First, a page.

East Africa’s current major railway networks – the Tanzania Railways Corporation and the Kenya-Uganda railway were all built by the former colonial powers while Tazara (Tanzania – Zambia Railway) was built by the Chinese to relieve the dependency of landlocked Zambia and the then Zaire’s (now DRC) on the South African Railway network.

    Given the current thinking in East African government circles, it must be assumed that outside operators will be invited to bid for the rights to operate (and maybe construct) these new railways.

    source - The Monitor (Kampala)

    World Bank official slams Kenya Port Authority for congestion

    One tends to think that a sugar coated pill often produces quicker results than something tasting sour, and the abrasive statement by World Bank country director Colin Bruce seems a little ill-timed.

    Bruce said at a meeting in Mombasa that the port of Mombasa is a victim of its own success but senior management and other stakeholders had failed to anticipate the problems and challenges that would come with increased volumes.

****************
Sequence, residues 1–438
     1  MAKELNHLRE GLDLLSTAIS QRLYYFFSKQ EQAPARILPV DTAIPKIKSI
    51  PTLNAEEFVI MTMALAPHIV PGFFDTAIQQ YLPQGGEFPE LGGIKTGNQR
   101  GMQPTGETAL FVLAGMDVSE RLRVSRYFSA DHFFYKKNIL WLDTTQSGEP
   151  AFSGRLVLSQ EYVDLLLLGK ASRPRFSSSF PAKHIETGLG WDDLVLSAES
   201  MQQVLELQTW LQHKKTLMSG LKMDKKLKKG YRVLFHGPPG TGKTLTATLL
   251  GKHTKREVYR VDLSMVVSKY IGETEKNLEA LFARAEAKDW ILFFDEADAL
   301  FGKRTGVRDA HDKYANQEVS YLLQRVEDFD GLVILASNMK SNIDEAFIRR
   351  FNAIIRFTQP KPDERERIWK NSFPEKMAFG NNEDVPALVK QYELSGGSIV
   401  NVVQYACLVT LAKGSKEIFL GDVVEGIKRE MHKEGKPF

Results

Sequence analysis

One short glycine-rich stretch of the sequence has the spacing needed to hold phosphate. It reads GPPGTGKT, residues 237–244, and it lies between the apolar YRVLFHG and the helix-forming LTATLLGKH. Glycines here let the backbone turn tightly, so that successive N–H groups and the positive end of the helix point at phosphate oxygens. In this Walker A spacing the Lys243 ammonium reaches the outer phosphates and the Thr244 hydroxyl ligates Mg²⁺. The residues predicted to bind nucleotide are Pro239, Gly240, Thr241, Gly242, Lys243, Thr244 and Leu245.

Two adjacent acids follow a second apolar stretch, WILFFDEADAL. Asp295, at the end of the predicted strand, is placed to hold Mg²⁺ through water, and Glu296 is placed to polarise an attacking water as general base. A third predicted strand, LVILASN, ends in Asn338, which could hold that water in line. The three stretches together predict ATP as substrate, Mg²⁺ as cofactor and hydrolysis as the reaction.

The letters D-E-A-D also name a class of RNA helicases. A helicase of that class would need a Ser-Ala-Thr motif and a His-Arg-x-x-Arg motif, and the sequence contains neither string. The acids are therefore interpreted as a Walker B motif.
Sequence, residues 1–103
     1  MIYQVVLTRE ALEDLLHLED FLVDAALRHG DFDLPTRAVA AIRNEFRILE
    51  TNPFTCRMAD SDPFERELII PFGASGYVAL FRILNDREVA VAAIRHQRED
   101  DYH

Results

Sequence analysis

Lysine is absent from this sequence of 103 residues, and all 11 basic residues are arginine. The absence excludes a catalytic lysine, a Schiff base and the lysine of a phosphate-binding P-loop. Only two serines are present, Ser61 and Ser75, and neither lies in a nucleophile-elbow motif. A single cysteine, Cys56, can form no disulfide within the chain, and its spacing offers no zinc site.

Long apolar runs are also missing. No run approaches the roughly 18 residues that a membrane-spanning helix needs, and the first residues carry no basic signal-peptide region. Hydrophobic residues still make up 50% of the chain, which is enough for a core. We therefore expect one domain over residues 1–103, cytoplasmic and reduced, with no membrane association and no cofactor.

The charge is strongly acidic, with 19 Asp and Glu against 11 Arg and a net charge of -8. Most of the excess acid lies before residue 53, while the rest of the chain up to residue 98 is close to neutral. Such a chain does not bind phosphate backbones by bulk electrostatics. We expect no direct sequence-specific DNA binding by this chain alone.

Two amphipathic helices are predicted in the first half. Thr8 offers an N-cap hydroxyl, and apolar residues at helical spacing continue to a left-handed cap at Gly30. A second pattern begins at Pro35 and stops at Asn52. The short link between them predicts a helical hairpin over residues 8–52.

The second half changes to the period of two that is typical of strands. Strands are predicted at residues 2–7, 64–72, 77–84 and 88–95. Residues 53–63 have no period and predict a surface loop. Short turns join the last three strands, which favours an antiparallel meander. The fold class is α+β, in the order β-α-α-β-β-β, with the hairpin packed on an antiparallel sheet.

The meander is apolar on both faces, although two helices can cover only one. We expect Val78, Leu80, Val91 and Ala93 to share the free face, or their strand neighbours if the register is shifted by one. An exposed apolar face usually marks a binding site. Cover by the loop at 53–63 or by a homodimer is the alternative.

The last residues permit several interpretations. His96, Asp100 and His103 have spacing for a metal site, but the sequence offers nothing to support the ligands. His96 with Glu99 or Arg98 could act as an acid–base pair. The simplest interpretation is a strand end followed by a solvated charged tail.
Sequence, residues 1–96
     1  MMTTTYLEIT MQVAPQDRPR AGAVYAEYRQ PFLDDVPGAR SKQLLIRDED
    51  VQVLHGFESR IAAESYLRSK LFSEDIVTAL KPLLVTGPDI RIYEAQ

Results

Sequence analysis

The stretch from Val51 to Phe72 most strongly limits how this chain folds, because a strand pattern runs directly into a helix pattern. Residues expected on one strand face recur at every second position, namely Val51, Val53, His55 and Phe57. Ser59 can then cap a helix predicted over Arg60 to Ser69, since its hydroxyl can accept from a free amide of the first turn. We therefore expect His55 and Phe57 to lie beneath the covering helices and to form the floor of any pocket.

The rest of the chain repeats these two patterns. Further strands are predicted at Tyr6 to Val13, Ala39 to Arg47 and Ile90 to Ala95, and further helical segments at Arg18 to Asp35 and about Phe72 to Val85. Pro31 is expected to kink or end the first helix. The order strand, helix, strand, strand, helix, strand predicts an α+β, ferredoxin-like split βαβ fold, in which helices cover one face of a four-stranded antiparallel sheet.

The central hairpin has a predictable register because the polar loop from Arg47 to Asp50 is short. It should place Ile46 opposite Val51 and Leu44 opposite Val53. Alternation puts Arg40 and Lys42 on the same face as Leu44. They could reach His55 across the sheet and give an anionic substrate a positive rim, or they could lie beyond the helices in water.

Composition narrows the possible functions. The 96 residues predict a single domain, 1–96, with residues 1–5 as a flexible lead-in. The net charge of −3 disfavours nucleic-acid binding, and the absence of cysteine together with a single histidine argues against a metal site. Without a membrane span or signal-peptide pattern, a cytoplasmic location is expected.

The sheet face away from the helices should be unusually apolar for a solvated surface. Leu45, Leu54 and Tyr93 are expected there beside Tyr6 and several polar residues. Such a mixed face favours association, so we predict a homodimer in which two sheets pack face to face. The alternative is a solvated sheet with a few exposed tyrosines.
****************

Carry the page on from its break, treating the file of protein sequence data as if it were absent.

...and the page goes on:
Saying that it was obvious that port activities were set to increase with the improved economic activities happening in Kenya and its neighbouring countries that rely on the port of Mombasa, he added that the economic upsurge had overwhelmed the port’s capacity to handle cargo. He advised management to invest in equipment and technology to overcome the obstacles.

    "Due to the growth in the economy, this was expected to happen but we need to ensure that congestion does not get to this level," he said.

    Bruce then pointed out the obvious – that the introduction of a US$200 per TEU surcharge at Mombasa was not good for the economic development of the region. Kenya government and port officials recently won a two-month moratorium on the surcharge – see PORTS & SHIPS News 2 October
    http://ports.co.za/news/article_2007_10_1_3713.html#one The moratorium is aimed at allowing the port a little more time to get results from measures introduced in the hopes of relieving accumulated cargo.

    He said that everything possible should be done to relieve the backlog and pressure at the port’s container terminal. "The cargo pile up does not only affect Kenya but all the port users in this region, though I am not an expert in port matters, urgent steps must be taken to clear the cargo," he said.

    Bruce rightly pointed out that Kenya’s poor road infrastructure was costing the country dearly. Kenya had lost its comparative advantage compared to Malaysia because of high transport costs and cargo shipped to Europe through Mombasa incurred higher costs than those shipped through the port of Malaysia.

    source – East African Standard

    UTI Logistics brings in second Mobicon handler